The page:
To our knowledge so far, there is no data on the retest reliability or the temporal stability of the Entrapment Scale. Because entrapment is seen as a state-like rather than a trait-like construct, its stability is likely dependent on the stability of its causes. (Remove the social terrorism, or remove yourself) Therefore, if the causes of entrapment are stable (e.g., a long-lasting abusive relationship), then also entrapment will remain stable over time. In contrast, for the Beck Hopelessness Scale (BHS), there are studies assessing temporal stability that have yielded stable trait-like components of hopelessness [30]. Young and coworkers [30] stated that the high stability of hopelessness is a crucial predictor of depressive relapses and suicidal attempts. For the Perceived Stress Questionnaire (PSQ), there are studies examining retest reliability. The PSQ has shown high retest reliability over 13 days (r = .80) in a Spanish sample [31]. It is to be expected that with longer retest intervals as in the present study (3 months), the stability of perceived stress will be substantially lower. We, therefore, expect the stability of entrapment to be higher than that of perceived stress as a state-like construct, but lower than that of hopelessness, which has been shown to be more trait-like [32].

Previous research is equivocal regarding the dimensionality of the entrapment construct. Internal and external entrapment were originally conceived as two separate constructs (cf. [5]) and were widely assessed using two subscales measuring entrapment caused by situations and other people (e.g., “I feel trapped by other people”) or by one’s own limitations (e.g., “I want to get away from myself”). The scores of the two subscales were averaged to result in a total entrapment score in many studies. However as Taylor et al. [33] have shown, entrapment may be best conceptualized as a unidimensional construct. This reasoning is supported by the observation that some of the items of the ES cannot easily be classified either as internal or external entrapment and because the corresponding subscales lack face validity (e.g., “I am in a situation I feel trapped in” or “I can see no way out of my current situation”).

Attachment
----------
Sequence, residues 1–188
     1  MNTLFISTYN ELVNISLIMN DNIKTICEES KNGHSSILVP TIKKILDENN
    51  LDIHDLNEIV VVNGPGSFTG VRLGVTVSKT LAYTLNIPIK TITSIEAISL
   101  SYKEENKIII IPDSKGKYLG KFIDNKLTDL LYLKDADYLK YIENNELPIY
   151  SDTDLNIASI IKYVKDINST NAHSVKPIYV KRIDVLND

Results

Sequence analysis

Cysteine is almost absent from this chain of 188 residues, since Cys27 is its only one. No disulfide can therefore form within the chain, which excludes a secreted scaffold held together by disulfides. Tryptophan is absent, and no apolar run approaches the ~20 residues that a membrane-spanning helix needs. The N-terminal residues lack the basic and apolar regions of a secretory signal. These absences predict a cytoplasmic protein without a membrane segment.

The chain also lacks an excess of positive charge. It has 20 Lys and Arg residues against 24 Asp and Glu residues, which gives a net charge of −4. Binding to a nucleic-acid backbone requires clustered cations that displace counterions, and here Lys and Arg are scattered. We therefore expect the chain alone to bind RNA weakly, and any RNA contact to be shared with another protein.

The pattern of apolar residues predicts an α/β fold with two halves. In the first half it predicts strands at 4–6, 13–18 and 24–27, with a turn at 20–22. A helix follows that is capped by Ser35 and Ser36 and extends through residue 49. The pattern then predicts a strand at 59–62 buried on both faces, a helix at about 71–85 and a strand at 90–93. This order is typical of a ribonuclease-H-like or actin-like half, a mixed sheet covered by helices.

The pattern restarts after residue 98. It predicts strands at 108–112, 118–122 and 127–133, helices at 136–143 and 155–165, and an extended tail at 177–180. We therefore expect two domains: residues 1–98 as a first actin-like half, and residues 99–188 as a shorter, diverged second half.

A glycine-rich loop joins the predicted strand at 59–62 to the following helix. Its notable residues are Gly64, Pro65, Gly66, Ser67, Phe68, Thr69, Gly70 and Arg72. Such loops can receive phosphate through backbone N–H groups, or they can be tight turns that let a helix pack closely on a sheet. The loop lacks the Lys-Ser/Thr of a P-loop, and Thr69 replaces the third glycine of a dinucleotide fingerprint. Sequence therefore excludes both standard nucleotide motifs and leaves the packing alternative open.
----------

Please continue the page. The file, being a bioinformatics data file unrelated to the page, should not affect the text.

5. Discussion

The entrapment construct embeds depressiveness theoretically into an evolutionary context. The situation of arrested flight or blocked escape, in which a defeated individual is incapable of escaping despite a maintained motivation to escape, may lead to the perception of entrapment in affected individuals [8]. In this study, the Entrapment Scale (ES) was translated to German (ES-D), tested psychometrically, and validated by associations with other measures. This study provides evidence that the ES-D is a reliable self-report measure of entrapment demonstrating high internal consistency. The study also shows that the ES-D is a valid measure that relates to other similar constructs like hopelessness, depressive symptoms or perceived stress. Levels of entrapment as measured with the ES-D were associated with depressiveness, perceived stress, and hopelessness, showing moderate to high correlations. Results were consistent with those obtained by Gilbert and Allan [5]. Entrapment explained additional variance in depressiveness beyond that explained by stress and hopelessness. Taken together, the present data support the conception of entrapment as a relevant and distinct construct in the explanation of depression. (And much of Asperger behavior)

The results of our study confirm the findings of Taylor et al. [33], thereby showing that entrapment is only theoretically, but not empirically, separable into internal and external sources of entrapment. The authors even went further by showing that entrapment and defeat could represent a single construct. Although in this study the defeat scale [5] was not included, the results are in line with the assumption of Taylor et al. [33] and support other studies using entrapment a priori as a single construct. However, although this study supports the general idea that escape motivation affects both internal and external events and depression, clinically it can be very important to distinguish between them. For example, in studies of psychosis entrapment can be very focused on internal stimuli, particularly voices [47].